South Korea’s first branch of E-mart, now the country’s largest retailer and originally inspired by Walmart, opened in November 1993. That was about four years after the country’s first convenience store, the Seven Eleven near the Olympic Village in Seoul, appeared.
It’s hard to imagine a South Korea without E-marts or convenience stores. These days, every major city has at least one branch of E-mart (and/or of competitors such as Homeplus, Lotte Mart, and what have you). Every street corner in major cities seems to have a convenience store.
A promotional video of E-mart’s first opening in 1993. (Source: Shinsegae Corporation, which owns the discount store)
More than twenty years after that first E-mart opened in Seoul, there are now over 500 large-scale discount supermarkets, over 10,000 SSMs (super supermarkets, generally smaller than the really large stores) and around 30,000 convenience stores in South Korea.
“The meaning of ‘shopping’ started to change in the `90s,” said Lee Im-ha, the author of Reading Modern Korean History Through Culture. “In the past, a housewife would go to a marketplace and fill up her bags. Now, shopping has changed into a family activity at large-scale discount stores.”
According to Lee, around the time the country’s first E-mart opened in Seoul, net income for ordinary consumers was on the rise, which meant there was a larger domestic market for spending. Hence, the beginning of shopping at massive (and massively convenient) chain grocery stores.
But the country’s lax regulations on chaebol expansion also plays an important role in cultivating the age of E-mart. Since the 2000s, more chaebols have shifted attention from manufacturing to the service sector, forming new subsidiaries every year to “infiltrate the alleyways,” as the process of their expansion into the retail industry is often called. The biggest players in the retail business — like E-mart and GS25 — are owned by different chaebols, or family-owned conglomerates.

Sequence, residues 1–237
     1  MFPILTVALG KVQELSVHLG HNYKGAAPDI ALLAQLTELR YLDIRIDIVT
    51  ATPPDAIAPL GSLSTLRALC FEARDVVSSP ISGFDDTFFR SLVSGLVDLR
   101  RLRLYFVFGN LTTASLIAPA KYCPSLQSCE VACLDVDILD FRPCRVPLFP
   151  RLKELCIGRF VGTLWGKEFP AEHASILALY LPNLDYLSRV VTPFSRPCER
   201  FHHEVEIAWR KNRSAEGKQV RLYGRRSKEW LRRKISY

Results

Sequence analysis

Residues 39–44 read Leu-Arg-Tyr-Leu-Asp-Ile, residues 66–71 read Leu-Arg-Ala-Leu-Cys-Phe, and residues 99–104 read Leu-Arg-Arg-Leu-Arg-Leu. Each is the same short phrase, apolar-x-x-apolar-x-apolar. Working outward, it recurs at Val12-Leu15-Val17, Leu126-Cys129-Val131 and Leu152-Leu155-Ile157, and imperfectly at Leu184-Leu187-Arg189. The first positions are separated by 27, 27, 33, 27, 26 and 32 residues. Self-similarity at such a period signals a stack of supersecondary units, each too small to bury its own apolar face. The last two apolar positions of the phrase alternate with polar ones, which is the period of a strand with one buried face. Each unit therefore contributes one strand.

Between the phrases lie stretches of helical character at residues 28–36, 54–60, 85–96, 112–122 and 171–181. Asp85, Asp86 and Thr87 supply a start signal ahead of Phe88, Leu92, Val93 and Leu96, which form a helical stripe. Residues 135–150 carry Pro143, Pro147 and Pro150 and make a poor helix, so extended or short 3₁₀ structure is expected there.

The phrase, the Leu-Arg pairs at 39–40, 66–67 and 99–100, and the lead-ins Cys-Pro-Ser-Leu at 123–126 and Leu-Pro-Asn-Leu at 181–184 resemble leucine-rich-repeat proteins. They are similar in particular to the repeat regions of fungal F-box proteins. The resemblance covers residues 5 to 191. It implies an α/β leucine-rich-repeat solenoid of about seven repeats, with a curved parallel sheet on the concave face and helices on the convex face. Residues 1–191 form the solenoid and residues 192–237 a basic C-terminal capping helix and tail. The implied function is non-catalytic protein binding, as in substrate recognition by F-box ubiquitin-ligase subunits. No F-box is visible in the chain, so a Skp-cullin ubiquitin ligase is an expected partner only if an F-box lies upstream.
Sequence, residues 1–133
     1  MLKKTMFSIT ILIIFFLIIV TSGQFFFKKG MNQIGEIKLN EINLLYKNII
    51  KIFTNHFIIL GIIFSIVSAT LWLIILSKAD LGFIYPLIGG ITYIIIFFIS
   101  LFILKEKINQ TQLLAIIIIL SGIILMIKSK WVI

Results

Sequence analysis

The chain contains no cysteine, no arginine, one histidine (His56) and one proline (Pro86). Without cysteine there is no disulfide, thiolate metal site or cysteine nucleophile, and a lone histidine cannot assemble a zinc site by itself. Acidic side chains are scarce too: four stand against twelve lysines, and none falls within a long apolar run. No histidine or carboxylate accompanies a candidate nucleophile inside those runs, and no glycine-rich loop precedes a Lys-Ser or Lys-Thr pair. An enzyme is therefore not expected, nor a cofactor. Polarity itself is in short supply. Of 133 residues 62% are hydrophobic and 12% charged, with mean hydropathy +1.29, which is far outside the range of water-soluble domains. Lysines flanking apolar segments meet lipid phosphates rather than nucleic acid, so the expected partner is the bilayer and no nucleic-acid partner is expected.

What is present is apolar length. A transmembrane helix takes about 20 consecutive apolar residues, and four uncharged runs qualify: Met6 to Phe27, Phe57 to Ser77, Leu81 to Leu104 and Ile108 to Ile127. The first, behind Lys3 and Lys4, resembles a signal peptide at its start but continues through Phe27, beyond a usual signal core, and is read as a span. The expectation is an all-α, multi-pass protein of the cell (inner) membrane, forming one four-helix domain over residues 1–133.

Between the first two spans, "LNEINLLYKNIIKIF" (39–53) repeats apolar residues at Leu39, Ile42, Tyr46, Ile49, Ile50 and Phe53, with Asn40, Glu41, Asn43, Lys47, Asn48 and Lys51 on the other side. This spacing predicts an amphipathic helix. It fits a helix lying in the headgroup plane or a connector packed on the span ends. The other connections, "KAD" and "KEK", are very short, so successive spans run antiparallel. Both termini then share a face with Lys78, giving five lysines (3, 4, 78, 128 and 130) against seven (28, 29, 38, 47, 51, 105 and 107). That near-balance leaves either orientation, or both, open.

According to the Korea Supermarket Cooperative Association (KSCA), for every large-scale supermarket that opens, an average of 22 small supermarkets have disappeared between 2000 and 2011.
“We at the local village supermarkets are living every day as a fierce battle for survival,” said Kang Gap-bong, the head of the KSCA, a nationwide union of 52 local, independent supermarkets. “Large conglomerates are sweeping up the businesses in the alleyways, by selling stuff like batteries, tissues and potato chips.” Kang argued that there is no way local businesses can compete with the cheaper prices offered by the large chaebol stores.
At a press conference on May 23, members of the KSCA demanded that newly-elected president Moon Jae-in keep his campaign promise to protect smaller supermarkets. Moon has pledged to limit the expansion of multiplex shopping malls and make it more mandatory for the E-marts of the country to close more frequently on certain days of the week.
It’s likely that Moon will strengthen regulations on chaebol expansion — he has nominated professor Kim Sang-jo as head of the Fair Trade Commission. Kim is nicknamed the “chaebol sniper” for his vocal criticisms of the conglomerates. But it’s not clear exactly how far Moon will go to protect the “alleyway marts.”
Besides, the issue is not so clearly “local supermarkets good vs. chaebol supermarkets bad.”
Park Jeong-soo, an economics professor at Sogang University, told M-economy News, “Regulations may seem necessary, but it’s a complicated reality, putting restrictions on the convenient shopping spaces that everyone wants.” The romance of maintaining alleyway supermarkets aside, it is definitely convenient to have an E-mart (or even a GS25 convenience store) around the corner.
“If the government doesn’t provide policies and solutions for alleyway businesses and local supermarkets, we will fight to the death,” said Kang at the KSCA.
Cover image: E-mart is South Korea’s most dominant mass supermarket chain. (Source: Flickr)